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Take a look inside Arizona State University's meteorite vault

Posted: 10:32 PM, Feb 20, 2018
Updated: 2018-02-21 05:38:48Z

They light up the night sky. Filling those who witness them with jubilation and can fill the pockets of those who find them. 

It turns out there's no better place to learn about what makes meteorites so special than this highly secured vault at Arizona State University. 

"This is the largest university-based meteorite collection in the world," said Laurence Garvie, Curator for the Center for Meteorite Studies at Arizona State University. "They represent materials from the beginning of our solar system, almost everything you see in here is 4.5 billion years old."

The space rocks of all sizes travel billions of miles through space until crashing down on our little planet we call Earth. 

"Over the surface of the Earth, probably have about ten, up to ten meteorite falls per day," Garvie said. 

But very few end up being salvageable. Making finding one, especially some the size we picked up, extremely rare. But it's not always about size, pebble-sized rocks from Mars can fetch a pretty penny as well. 

The value centered around the premise that these jagged rocks are the fingerprints of our past. 

"They tell us about our early solar system, why does it have the composition that it has, why do we have rocky planets near the center, why is the Earth the way it is," Garvie said.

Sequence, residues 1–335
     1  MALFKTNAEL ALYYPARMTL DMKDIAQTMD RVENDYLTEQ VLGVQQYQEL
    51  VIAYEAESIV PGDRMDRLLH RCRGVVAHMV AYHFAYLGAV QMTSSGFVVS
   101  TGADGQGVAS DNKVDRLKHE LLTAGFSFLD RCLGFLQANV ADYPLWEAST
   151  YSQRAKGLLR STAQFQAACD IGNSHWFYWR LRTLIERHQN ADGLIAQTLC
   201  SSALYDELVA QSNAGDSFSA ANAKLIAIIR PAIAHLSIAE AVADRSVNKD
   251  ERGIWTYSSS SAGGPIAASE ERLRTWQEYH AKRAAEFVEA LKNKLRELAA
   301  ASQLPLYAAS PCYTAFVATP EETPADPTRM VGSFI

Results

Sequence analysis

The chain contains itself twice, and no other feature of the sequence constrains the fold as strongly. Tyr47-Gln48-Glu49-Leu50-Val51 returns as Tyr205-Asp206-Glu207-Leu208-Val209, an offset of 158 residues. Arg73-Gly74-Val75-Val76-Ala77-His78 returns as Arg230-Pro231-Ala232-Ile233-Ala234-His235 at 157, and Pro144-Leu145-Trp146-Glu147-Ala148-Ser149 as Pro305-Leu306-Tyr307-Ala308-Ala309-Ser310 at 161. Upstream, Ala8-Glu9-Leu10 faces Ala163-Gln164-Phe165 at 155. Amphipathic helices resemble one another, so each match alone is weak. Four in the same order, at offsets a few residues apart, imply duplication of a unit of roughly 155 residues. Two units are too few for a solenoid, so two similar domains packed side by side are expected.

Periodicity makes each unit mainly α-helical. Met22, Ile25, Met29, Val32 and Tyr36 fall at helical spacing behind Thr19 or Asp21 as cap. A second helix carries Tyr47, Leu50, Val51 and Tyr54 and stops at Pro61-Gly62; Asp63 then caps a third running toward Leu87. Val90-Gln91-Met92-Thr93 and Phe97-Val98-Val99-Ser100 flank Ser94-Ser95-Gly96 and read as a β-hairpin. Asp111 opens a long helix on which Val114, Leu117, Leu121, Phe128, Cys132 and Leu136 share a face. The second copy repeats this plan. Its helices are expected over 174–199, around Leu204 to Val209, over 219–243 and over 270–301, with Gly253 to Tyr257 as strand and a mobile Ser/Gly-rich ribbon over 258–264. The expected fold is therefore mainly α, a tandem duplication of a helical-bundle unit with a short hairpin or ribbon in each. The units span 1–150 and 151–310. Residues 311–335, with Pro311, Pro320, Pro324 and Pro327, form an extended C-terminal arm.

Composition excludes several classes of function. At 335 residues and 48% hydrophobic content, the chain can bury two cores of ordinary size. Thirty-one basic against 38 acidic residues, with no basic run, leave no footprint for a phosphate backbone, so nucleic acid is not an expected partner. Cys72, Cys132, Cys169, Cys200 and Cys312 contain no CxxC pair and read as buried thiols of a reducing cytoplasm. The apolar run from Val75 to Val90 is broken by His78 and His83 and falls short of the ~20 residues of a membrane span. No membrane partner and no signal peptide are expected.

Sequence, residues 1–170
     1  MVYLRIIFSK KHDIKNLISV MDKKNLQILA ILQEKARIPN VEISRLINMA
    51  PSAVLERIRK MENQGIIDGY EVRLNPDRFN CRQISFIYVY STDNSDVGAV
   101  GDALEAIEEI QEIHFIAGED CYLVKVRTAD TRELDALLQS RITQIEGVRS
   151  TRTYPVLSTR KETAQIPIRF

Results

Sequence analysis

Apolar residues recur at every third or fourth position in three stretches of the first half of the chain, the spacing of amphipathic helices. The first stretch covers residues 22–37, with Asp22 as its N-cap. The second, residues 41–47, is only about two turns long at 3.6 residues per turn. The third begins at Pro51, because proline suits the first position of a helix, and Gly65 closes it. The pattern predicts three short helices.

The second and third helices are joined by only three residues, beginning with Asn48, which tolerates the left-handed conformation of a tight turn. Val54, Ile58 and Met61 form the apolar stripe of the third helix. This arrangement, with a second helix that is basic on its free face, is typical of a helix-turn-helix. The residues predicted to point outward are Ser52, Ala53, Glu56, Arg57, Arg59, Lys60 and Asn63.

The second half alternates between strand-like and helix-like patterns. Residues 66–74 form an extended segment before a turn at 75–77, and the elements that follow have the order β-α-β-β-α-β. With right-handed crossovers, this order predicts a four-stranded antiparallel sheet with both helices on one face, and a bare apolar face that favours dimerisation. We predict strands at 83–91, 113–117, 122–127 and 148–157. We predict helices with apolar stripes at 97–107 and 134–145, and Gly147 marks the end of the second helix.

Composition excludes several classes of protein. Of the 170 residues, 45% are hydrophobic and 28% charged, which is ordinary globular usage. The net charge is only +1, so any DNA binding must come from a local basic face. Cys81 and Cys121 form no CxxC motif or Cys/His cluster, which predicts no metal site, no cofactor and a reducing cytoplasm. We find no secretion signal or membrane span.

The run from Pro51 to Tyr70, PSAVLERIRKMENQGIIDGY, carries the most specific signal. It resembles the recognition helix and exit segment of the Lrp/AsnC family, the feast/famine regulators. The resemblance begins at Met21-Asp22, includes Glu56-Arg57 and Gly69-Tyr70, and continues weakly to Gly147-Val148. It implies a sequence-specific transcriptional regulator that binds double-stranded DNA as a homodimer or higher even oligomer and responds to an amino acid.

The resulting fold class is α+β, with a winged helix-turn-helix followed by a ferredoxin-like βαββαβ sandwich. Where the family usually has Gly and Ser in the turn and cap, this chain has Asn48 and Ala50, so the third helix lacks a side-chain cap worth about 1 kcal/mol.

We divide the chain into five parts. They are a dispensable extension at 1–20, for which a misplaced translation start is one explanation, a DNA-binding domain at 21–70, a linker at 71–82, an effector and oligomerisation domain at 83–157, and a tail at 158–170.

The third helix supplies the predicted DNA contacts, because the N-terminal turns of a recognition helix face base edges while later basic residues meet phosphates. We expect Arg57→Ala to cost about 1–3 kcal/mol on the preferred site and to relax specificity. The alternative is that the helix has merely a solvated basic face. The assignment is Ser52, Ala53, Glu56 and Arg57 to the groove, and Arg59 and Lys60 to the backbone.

Big questions that can come with big price tags. A 70-pound meteorite, just a piece of what crashed down 50,000 years ago in Winslow Arizona, just sold in a Christie's Auction for $237,500. 

According to Christie's, it is the highest price for a meteorite sold through an online Christie's auction, and the highest price ever paid for a Canyon Diablo meteorite.

It had been estimated to sell for $150,000 to $250,000. The meteorite is referred to as a Canyon Diablo iron meteorite because it is made of iron and comes from Barringer Crater (also known as Meteor Crater) in Winslow.

The famous site is where a meteor crashed into the desert nearly 50,000 years ago and draws thousands of visitors every year.

It is rare for several reasons. Only about two percent of all meteorites are made largely of iron. Further, very few of those are regarded as aesthetically impressive enough to be considered natural sculpture. It's natural beauty, showing the universe could be our greatest artist. 

Think you found a meteorite? ASU scientists can help you know for sure. Bring your potential space rock to the Center for Meteorite Studies Saturday, February 24 to see if you have a space jewel.